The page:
Luckily, I moved on after 1 year to an international school in Singapore where I taught Grade 4 with 1-to-1 laptops. It was a huge adjustment and I had to learn quickly all the applications and how to best teach them to my students. We are a Google Apps For Education school and we use our laptops on a daily basis. They are a resource that can be picked up and used or may just sit there for a few lessons untouched. We really emphasise the skills that will help our students be successful in the 21st century rather just how to do something. We also use a lot of mobile technologies including iPods and iPads when necessary. The students have e-portfolios that they work on throughout the year and regularly share them with their parents.
Next year I am moving into an education technology coach position. I am excited to help teachers utilize the technology in the classroom as it changes and evolves. I know I will have to really support them with best practice and do a lot of research and professional development for the teachers so they don't feel burdened or overwhelmed with the technology that is ever-changing. While I may not have been a part of all four eras of digital technologies, I look forward to what's to come and the next edtech challenge.
Social media allows individuals to have a platform to communicate and connect around the globe. I agree that the bullying can continue away from the educational institute, causing the student to ever have an escape from the bullying.
We do not use social media too often with our students, have an acceptable use policy and most social media sites (Twitter, Google+ , Snapchat, etc.) are blocked on the school network. Unfortunately, this does not eliminate what happens on cell phones and personal devices that are not connected through the school wifi. One of the ways I have worked with students in a closed and supportive social media network is through Edmodo. Edmodo mimics Facebook for students in a closed group that is created and monitored by their teacher. Students can communicate, share resources, etc. in small groups, through the discussion feed and learn how to navigate social media. When using Edmodo, we discuss a lot about digital citizenship, digital footprints or digital tattoos, online identity, creating profiles, how our 'brand' is seen by others, etc. It allows students exposure to social media without some of the challenges that are experienced through open social media tools.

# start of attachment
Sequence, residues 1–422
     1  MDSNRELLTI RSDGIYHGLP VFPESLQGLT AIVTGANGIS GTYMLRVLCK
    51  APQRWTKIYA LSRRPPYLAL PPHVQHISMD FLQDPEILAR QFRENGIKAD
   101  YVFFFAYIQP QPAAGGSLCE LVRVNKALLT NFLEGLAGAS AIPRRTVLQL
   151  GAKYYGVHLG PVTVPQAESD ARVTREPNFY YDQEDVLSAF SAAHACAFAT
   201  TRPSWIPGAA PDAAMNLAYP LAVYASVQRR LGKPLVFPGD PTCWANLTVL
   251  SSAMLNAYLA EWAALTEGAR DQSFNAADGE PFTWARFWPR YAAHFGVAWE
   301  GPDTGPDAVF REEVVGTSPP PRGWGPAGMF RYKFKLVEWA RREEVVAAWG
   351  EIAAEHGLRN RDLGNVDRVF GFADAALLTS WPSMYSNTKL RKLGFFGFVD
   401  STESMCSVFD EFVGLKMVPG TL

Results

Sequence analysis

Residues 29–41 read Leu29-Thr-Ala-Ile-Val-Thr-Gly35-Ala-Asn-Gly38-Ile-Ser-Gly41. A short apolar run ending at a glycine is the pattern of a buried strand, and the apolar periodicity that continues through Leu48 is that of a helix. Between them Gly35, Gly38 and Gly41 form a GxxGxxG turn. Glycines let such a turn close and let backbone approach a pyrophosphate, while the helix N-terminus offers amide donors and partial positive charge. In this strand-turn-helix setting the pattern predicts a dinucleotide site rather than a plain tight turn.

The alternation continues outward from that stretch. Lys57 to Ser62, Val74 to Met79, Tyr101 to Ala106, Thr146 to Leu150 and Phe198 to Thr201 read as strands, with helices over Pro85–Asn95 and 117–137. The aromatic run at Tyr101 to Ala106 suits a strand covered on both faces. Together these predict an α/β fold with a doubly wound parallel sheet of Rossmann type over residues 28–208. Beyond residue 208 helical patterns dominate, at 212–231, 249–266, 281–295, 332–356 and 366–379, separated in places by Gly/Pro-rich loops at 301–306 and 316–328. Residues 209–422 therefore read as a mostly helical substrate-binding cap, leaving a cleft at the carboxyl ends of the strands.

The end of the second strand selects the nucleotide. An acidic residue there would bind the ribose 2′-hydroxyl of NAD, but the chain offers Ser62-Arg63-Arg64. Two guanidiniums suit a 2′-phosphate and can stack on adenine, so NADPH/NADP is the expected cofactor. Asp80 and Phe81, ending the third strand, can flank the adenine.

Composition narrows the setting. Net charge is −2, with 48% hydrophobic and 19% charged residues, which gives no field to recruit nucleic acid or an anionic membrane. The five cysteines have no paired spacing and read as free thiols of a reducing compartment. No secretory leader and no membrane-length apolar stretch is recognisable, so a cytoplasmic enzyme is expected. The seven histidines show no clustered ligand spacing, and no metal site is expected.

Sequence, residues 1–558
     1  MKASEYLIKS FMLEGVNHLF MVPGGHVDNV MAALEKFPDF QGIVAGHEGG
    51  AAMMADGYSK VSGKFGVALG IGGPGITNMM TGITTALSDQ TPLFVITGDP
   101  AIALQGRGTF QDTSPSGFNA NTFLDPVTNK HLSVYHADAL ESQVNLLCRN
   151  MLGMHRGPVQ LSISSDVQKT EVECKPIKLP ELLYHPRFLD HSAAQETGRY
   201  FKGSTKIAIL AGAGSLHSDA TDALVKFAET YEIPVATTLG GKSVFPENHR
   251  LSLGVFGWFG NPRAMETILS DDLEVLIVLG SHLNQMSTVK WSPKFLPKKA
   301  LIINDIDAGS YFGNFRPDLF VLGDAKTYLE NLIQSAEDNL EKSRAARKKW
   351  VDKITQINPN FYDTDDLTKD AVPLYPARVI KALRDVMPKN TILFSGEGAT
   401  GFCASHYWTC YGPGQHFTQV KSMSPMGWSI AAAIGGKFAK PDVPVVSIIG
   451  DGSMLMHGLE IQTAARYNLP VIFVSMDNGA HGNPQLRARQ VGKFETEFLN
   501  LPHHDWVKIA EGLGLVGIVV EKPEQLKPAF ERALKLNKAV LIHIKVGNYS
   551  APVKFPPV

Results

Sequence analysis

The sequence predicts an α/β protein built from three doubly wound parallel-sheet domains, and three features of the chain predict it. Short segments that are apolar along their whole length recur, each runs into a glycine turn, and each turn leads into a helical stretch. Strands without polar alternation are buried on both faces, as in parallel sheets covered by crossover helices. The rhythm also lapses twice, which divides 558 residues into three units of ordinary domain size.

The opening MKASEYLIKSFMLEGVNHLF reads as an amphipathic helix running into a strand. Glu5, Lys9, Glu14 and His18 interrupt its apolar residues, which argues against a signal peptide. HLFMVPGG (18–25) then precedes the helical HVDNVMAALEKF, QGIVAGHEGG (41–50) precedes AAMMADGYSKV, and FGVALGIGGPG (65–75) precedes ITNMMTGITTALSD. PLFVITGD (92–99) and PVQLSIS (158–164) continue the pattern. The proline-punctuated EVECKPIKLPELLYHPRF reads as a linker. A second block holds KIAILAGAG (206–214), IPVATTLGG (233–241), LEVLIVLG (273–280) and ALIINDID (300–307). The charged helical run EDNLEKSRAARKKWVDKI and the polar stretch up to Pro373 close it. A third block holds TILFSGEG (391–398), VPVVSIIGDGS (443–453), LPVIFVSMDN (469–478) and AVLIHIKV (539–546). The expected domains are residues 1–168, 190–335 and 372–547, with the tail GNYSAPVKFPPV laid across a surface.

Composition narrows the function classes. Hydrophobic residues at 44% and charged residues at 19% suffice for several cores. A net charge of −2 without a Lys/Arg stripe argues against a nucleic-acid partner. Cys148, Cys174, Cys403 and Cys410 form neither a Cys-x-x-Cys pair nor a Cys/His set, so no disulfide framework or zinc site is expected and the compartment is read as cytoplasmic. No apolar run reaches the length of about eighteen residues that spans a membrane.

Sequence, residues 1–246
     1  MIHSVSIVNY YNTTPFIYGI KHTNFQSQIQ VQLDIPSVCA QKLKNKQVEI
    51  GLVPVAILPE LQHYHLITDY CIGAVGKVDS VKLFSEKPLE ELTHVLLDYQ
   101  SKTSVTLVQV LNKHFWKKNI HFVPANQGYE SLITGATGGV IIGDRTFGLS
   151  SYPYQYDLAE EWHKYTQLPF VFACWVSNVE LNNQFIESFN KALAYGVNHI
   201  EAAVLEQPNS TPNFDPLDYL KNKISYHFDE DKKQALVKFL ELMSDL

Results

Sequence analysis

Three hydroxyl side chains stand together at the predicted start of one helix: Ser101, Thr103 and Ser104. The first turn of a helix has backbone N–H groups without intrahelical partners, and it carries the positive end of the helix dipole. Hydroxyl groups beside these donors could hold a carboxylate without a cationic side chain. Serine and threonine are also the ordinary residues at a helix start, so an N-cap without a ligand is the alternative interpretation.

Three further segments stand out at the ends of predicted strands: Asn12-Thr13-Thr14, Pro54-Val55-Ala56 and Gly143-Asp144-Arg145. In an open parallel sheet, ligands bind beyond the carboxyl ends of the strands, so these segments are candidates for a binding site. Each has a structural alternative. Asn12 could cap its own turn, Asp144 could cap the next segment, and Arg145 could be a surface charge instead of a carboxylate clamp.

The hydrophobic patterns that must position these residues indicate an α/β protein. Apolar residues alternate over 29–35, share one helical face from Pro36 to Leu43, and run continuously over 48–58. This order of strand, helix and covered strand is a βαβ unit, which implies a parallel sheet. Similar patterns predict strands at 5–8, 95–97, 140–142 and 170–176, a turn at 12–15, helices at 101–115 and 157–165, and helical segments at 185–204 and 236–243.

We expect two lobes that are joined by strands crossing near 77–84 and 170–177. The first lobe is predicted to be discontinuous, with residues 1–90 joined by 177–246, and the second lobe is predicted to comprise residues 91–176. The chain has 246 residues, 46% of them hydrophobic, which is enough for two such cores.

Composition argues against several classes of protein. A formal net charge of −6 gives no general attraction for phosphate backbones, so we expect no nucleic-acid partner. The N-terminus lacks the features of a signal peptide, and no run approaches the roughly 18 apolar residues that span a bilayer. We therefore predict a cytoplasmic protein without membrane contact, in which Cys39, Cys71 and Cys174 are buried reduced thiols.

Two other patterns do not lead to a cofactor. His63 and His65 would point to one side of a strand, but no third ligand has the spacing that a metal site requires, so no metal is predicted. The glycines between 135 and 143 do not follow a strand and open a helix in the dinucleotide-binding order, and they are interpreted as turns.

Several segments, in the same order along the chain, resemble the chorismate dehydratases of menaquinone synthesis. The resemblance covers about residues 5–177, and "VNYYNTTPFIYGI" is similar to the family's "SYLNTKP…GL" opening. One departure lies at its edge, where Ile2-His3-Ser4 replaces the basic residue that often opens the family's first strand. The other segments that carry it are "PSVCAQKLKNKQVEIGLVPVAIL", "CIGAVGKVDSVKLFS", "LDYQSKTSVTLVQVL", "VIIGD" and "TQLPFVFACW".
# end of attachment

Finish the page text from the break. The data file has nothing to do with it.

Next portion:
I have personally not had to deal large scale issues of cyberbullying. However, social media also has the opportunity to take a turn for the worst allowing the 'trolls' to come out. I use Twitter to build my Personal Learning Network (PLN), gather ideas and resources, and share resources I have created. I find it to be a positive experience, though some of my colleagues have had very different experiences where people have 'trolled' them. Trolling is when someone posts negative or mean comments at another user. My colleague had others call him all kinds of things just because he had a different opinion to theirs. These are educators. If adults who are supposed to be role models for their students spend time trolling the internet, how can we expect our students not to? We as educators have to role model for our students safe and responsible use of social media.
It was nice to see when I read the article 'Why Twitter is Finally Taking a Stand Against Trolls' (Lapowsky, 2015) that the social media sites themselves understand the importance of not tolerating people who cyberbully others. Twitter is flagging inappropriate comments, indirect threats, violent threats, underage usage etc. This is essential for making the social media experience enjoyable for all users and it is positive to see resources put into identifying and eliminating those who do not wish to use social media in a positive manner.
Connect With Students and Parents in Your Paperless Classroom | Edmodo. Retrieved September 12, 2015, from http://www.edmodo.com/
Why Twitter Is Finally Taking a Stand Against Trolls. Retrieved September 20, 2015, from http://www.wired.com/2015/04/twitter-abuse/